In our Sunday School class today, the parable of the nobleman and the olive trees in Doctrine and Covenants 101:43-62 was brought to our attention to help teach about following the prophets. I hadn’t paid much attention to this story before, but it strongly underscores some things on my mind lately.
This parable is meant, in the strictest context, to illustrate to the early Latter-day Saints the importance of helping to gather and establish Zion, as opposed to their general reluctance to do so previously. The story has a nobleman with a field of olive trees, which he gives to the care of a staff of servants who are charged with building hedges and towers around it for security. The servants promptly overanalyze their orders, debating its merits; after all, they say, this is a time of peace, and couldn’t the money be better spent on humanitarian projects (D&C 101:47-49)? While they discoursed with each other, an enemy did come in and destroy the trees.
Like all parables, this one would seem to have a broader application, as well. If the Lord’s intention in telling this story was to impress upon us his “will concerning the redemption of Zion,” we could extend this to mean Zion in general, as in each of our families, wards, stakes, and the church’s spiritual condition overall.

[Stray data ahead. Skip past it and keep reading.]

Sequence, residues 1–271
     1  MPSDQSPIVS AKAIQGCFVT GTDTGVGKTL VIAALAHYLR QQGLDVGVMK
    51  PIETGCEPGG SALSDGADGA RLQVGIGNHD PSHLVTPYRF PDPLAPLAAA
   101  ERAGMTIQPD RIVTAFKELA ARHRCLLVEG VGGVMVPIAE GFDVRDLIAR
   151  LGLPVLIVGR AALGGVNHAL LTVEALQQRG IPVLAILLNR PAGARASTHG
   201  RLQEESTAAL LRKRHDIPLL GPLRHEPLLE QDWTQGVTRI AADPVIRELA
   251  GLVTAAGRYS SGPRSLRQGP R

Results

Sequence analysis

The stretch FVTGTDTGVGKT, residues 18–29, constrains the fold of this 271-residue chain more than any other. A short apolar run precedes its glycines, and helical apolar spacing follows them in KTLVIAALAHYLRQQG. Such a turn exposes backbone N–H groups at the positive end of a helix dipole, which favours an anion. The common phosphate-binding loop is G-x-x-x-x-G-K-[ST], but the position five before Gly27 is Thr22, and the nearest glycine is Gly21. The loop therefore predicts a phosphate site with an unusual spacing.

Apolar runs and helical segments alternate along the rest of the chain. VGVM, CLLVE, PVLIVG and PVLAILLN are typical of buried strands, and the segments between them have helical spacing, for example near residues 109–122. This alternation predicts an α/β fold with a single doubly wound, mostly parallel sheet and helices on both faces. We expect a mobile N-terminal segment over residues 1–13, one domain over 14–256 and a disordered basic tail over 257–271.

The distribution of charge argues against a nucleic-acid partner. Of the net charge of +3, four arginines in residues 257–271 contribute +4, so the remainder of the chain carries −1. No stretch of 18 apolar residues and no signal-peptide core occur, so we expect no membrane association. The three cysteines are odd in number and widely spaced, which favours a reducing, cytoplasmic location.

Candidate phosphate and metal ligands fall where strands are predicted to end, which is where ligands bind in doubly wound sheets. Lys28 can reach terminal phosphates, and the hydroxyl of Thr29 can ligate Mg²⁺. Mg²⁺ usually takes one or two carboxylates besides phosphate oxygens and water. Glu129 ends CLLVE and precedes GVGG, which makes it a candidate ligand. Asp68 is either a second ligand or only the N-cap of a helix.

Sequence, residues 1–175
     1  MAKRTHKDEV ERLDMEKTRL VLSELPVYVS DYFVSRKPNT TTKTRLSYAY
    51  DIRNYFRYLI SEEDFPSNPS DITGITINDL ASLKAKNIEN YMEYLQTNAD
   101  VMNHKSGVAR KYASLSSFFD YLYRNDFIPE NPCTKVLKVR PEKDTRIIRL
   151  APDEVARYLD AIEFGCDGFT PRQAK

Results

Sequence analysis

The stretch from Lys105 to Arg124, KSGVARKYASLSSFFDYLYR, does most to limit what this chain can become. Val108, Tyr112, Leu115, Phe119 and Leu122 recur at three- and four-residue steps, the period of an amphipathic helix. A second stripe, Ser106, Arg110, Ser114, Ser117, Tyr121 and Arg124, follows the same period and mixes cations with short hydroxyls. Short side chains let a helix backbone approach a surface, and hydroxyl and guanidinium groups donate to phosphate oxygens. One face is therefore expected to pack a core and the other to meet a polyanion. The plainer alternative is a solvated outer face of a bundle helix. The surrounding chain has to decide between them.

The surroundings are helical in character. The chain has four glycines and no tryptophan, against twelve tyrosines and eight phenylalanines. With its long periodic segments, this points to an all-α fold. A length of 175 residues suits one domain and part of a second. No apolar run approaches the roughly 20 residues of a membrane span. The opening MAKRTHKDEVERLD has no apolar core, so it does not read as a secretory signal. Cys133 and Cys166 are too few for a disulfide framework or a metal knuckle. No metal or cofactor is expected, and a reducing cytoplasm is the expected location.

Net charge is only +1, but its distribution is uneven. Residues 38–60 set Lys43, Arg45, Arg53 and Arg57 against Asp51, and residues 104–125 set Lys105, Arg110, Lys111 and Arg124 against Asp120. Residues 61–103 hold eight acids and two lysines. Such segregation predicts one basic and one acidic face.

How often, especially in the age of the Internet, do we receive instruction from our leaders and, instead of “straightway leaving our nets” and “immediately following him,” (Matthew 4:20,22) we blather endlessly about the philosophical pros and cons of the commandments? It’s fashionable among us, practically to be expected. Any simple directive will be instantly picked apart into infinite shades of gray by some.
“And while they were at variance one with another they became very slothful, and they harkened not unto the commandments of their lord.” D&C 101:50
In the parable, after a stern talking to from the nobleman, hopefully the servants were much more pliable, much more willing to be proactive and assertive in going on the spiritual offensive against the world and completing their assigned work post haste. The nobleman–speaking to his servants in the parable and literally as the Savior to the early Saints as well as to us–tells us to “go ye straightway, and do all things whatsoever I have commanded you….inasmuch as they are willing to be guided in a right and proper way for their salvation” (D&C 101:60,63).
I for one receive this teaching as an injunction against turning the gospel into a needlessly complicated caucus race (a la Alice in Wonderland). I will do my best to remain vigilant against undue irreverence in my blogging, and won’t invest inordinate time in blogging about spiritual things until I’ve done the work: until I’ve been to the temple for that month, done my home teaching, made progress in my calling, and raised my family well that day.